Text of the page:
[0:24:02] And there was so much pushback. I mean, it was a swift pushback against HB2. I mean, so much outrage; there were protests, there were immediate kind of campaigns against it, and we thought oh, this conference is going to be in over two years. I mean, it was well over two years away. We’re like, there’s no way this bill is going to last. We also knew there was an election coming up. So, nobody was really, like we weren’t concerned early on. Then as we kind of got closer we thought hmm, wow, this is kind of staying – but again, the election hadn’t happened yet.
[0:24:35] But then our [call for] papers went out. And that’s when people kind of start paying attention to where Consoling Passions is. You know, when the call for papers goes out. And that’s when the board, I think, started to hear a lot of “hey what’s going on? Why is this in North Carolina? Haven’t you guys heard about HB2? So the board, you know, they had a lot of conversations, and then they kind of passed it back to us and said look, you have different options, you know: we can cancel it; we can move it to another city, or you can still have it, but you need to tell us why you think – whichever of these decisions you decide on, tell us why you think that and then we’ll decide, based on what you say.
[0:25:13] And basically, we felt like it was pretty late in the game to change location. And start over. So, it really came down to a choice of should we have Consoling Passions in 2017 or should it be cancelled? And just do it the next year. There was no kind of middle ground on what else could be done with the conference. And we said well, rather than cancel it, our feeling was there were a lot of boycotts already. I don’t know if you were following but basically PayPal, Lion’s Gate, Deutsche Bank, Bruce Springsteen, the NCAA – it was crazy.
[0:25:48] Something like five billion dollars a year worth of stuff that were just not – you know, it was crazy, crazy boycotts. So, we thought if our legislature is digging in its heels with actual money being taken away, then they are probably not going to care, and in fact would prefer, if we don’t have this gender-focused, liberal conference. So, we’re like, what would actually be more effective at standing up to this bill? And we decided, for us, it would be to have it.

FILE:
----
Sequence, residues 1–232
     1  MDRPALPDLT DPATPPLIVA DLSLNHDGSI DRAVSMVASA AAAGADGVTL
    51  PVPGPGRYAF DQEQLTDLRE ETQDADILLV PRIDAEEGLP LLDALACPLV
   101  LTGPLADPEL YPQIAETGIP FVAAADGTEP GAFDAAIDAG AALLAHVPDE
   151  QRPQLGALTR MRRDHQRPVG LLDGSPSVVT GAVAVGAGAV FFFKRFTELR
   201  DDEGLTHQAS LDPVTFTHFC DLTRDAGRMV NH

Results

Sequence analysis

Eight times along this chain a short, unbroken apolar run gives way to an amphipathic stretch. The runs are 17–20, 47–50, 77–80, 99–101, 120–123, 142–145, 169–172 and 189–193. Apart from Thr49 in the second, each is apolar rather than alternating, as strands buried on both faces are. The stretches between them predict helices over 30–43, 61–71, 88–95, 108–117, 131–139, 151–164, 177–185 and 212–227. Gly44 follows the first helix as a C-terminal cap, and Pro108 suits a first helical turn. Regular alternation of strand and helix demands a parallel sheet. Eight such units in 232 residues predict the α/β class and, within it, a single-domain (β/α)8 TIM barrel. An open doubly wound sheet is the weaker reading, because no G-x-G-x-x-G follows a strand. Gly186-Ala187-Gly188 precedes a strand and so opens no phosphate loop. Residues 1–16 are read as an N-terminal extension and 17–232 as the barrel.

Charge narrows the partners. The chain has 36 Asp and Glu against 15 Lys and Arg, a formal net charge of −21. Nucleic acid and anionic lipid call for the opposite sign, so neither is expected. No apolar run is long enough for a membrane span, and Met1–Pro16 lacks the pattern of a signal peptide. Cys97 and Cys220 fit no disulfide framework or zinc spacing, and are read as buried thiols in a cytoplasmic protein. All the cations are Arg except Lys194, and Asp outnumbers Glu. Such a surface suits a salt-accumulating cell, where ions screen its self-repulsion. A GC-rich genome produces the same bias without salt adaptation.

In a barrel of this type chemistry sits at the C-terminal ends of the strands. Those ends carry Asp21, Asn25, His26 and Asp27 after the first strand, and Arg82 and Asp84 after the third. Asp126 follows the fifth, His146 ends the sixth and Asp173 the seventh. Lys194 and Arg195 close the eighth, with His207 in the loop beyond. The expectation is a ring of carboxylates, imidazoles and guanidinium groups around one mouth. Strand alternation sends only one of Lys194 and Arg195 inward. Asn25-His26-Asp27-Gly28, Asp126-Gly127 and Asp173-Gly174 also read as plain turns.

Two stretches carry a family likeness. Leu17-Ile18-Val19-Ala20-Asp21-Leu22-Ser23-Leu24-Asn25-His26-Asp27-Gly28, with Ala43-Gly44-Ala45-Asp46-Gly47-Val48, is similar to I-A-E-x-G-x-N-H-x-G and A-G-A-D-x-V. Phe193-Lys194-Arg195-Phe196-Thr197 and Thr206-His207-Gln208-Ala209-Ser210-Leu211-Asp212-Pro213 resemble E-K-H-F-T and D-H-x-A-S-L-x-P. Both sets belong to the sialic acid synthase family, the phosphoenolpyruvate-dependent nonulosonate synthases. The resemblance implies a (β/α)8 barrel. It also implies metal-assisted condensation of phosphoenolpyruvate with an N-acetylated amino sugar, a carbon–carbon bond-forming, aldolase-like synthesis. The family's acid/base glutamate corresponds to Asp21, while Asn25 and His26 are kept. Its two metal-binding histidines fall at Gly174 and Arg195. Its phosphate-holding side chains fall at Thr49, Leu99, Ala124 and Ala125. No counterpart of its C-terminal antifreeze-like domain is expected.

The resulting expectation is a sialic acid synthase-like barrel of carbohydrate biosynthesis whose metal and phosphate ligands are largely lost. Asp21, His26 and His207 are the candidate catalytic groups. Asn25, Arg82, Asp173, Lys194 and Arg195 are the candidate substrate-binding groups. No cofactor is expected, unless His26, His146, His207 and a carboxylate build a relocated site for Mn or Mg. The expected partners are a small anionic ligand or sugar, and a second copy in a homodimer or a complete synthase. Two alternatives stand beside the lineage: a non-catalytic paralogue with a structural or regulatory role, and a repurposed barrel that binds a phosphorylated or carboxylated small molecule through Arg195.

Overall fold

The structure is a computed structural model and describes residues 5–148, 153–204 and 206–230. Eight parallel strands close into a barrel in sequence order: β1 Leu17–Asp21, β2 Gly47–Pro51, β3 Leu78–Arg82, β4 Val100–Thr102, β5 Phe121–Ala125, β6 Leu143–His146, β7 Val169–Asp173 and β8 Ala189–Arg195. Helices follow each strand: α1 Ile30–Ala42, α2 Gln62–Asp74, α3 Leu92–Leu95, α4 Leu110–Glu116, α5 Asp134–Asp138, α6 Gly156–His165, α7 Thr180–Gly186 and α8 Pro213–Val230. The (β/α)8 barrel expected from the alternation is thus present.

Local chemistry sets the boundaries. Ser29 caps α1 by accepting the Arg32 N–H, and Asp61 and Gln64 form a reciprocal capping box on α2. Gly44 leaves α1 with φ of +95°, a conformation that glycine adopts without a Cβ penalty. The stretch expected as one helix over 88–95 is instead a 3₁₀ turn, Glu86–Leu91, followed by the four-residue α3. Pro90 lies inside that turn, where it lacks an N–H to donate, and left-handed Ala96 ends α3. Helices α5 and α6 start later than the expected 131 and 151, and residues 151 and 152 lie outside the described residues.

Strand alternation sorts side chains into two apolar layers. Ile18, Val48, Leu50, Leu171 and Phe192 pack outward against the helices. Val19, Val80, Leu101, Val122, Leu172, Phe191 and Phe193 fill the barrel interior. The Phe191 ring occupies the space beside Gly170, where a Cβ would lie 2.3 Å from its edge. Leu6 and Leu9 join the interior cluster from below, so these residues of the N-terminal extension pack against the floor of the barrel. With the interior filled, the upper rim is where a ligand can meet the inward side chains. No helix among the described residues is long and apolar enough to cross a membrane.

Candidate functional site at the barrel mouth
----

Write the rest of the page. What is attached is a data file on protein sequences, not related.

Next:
[0:26:22] Because, you know, I have trans-gender students. I have students who have come out to me, and have not come publicly because they are terrified. Because they live in North Carolina. And I thought, think about how this conference would be for those students living in North Carolina to be like look, this is in your state, we’re talking about gender, we’re talking about these critical issues in gender and representation, so we just thought that would have a better impact than not having it. That it would make a statement.
[0:26:50] And then in addition to that, we are bringing in some roundtables. We’re going to have brown bag discussions at lunch about HB2. We’re going to do one with local politicians and other people in the community. Kind of how it has impacted us locally. And then we’re going to bring in some scholars, who talk about rhetoric and kind of, you know, around the signage and kind of public discourses. So, kind of an academic perspective. And then we’re going to have a fundraiser, which is going to support local LGBT organizations in Greenville.
[0:27:23] So, our hope is that by having this conference, we’re going to reinforce and strengthen the pushback to HB2. Having said that, I completely empathize and understand the Consoling Passions members who either can’t come because their state has banned travel and they don’t have the funding; people who are legitimately afraid; and people who are standing in solidarity with them. I totally understand, and I hope that they also know, that this is done in solidarity, and not as a way to say oh, we’re going to have this conference anyway, because that’s…
[0:27:58] I mean, we were very disgusted. We, you know, our university has pushed back hard against this. Nobody here is happy about HB2. But having said that, I think that this conference is actually going to be a great way to kind of show Greenville’s pushback against this, so we’re excited.
Becker: Well, I think there’s also something very meaningful, because it’s also the – is it the 25th anniversary of Consoling Passions?